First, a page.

On the national stage, the initial reserve prompted by the shock of Dr Kelly’s death eventually dissolved. While they did not exactly speak ill of the dead, commentators began to be less circumspect in their accusations that the weapons inspector, like so many others in the saga, must have lied. Yet Dr Kelly’s friends defend him here, too.

“He lied to cover up the fact that he had technically breached the terms of his employment contract,” says Tom Mangold, the former <>Panorama<> documentary maker who was the only journalist invited to Dr Kelly’s funeral. “It was a fairly trivial lie in the great scheme of things.”

Then came Butler. For some villagers this changed little. “Events have, by and large, reinforced the views people had at the outset,’ says John Melling, who is clerk to the parish council. But for others, the Butler report has fuelled their sense of outrage.

“The deep sense of anger at the time – that David’s death had been caused by Blair and his cronies – has been increased by the Butler report,” says Steve Ward at the Hind’s Head. “It turns out that the facts were exactly as David said: the dossier had been hardened up for political reasons; all the caveats had been removed by the Government; the 45-minute warning should not have been in. Which is all exactly what David was saying. He has been totally exonerated. The guy lost his life for stating the truth.”

Up the road in the next village of Longworth, in the grounds of the parish church of St Mary, lies David Kelly’s grave. Beside it an elderly couple are tending the grave of a 90-year-man who died five months after Britain’s leading expert on chemical and biological weapons.

The white-haired old woman waved a hand over the hedge. “Just up there is Harrowdown Hill, where David Kelly committed suicide – allegedly,” she says. Like a number of other locals, she speaks darkly about insufficient blood and of how men in strange cars had been seen around the village that day.

Tom Mangold is dismissive of such talk. But he is exercised over one remaining mystery: what was the tipping point which pushed Dr David Kelly over the edge that day a year ago, when his mid-morning optimism turned to afternoon despair?

Mangold has spoken to three of those closest to Dr Kelly: Roger Avery one of his coffin bearers; fellow weapons inspector Terence Taylor, to whom he spoke just before his death; and Lt-Col Debra Krikorian of the United States Army, who received one of Dr Kelly’s final emails. “They all believe,” he says, “that some unknown dramatic last-minute phone call changed everything.”

We may never know what that tipping point was. It is not a question many people are interested in pursuing any more. The nation’s passionate intensity has found new focal points.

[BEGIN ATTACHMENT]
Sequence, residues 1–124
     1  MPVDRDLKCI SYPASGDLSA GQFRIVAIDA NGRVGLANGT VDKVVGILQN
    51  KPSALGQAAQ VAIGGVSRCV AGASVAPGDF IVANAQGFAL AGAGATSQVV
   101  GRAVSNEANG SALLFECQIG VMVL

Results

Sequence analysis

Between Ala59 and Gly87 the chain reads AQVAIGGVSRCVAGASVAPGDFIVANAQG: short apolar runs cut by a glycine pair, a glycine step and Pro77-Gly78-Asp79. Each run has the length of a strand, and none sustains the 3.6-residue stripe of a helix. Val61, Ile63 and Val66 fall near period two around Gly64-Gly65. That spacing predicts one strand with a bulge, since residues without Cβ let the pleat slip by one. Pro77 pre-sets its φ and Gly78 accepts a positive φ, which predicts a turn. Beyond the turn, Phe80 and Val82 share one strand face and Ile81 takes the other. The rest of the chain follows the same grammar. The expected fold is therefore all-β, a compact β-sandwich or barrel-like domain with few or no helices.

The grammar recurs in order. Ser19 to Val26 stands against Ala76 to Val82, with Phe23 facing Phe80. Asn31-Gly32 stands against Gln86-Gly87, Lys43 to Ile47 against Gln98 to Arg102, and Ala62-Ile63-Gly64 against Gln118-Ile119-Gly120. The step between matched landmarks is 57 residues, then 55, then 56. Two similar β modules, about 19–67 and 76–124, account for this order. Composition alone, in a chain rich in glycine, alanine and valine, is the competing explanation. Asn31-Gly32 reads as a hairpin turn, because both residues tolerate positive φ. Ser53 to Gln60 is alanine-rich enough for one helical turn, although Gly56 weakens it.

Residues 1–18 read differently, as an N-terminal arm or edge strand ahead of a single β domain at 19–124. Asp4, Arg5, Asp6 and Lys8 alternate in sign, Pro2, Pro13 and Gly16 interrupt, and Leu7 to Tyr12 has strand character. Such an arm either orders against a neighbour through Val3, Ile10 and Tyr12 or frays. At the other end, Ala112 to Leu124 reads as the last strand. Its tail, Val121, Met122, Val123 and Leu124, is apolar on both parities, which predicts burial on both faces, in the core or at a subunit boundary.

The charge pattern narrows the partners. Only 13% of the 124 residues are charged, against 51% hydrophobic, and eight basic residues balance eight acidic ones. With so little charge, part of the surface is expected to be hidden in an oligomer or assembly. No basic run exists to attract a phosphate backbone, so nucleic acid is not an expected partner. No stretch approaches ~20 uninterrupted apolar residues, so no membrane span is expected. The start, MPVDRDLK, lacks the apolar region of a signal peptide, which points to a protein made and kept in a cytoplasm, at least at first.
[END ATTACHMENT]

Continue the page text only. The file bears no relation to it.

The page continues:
Things do not move so swiftly for Mrs Kelly. Her garden may be tidy. There may be a brave bonhomie to her monthly paragraphs on the local history society in Leslie Cowan’s village news- letter. She may now occasionally once again visit the Hind’s Head for lunch. But the dull, aching pain of bereavement does not ease. “Jan is still feeling it very badly,” Leslie Cowan says.

Dr Kelly’s grave has been visited recently. It lies in a little extension to the graveyard set round by an unkempt hawthorn hedge. The grave itself is covered with thistle, dandelions and coarse grasses. A standard-issue plastic plaque carries the simple words: David Christopher Kelly, died 18th July 2003, aged 59 years.

One grave nearby, of a military man, proudly lists his honours; MBE, DSC. But there is no mention for Dr Kelly of his CMG, the honour just one step down from a knighthood. All that belongs to a different world.

At the head of the grave a basket of lilies and roses, yellow and pink, has been freshly placed. At the foot another, of yellow and white chrysanthemums. They carry no card. The only other words are on a bench nearby: “In memory of David Kelly, from fellow crib-players at the Hind’s Head.”

Inside the 13th century church, in which not long before his death Dr Kelly saw his daughter married, a huge King James bible sits on a table beneath the bell-tower. It is open at Luke, Chapter 3, and tells the story of “the voice of one crying in the wilderness”.

Outside the only sound is the lonely tapping of a halyard against the churchyard’s empty flagpole. Suddenly two RAF Tornado jets scream overhead towards the nearby Brize Norton airfield.

On the road by Jan Kelly’s home, a young man is walking. On his wrist, extraordinarily, is a falcon. I can see its hooked beak, cold eyes and massive talons. It flaps its wings and attempts to fly. The falconer jerks its leather jesses. Controlled, it returns to his arm.
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Courtesy Rowena Thursby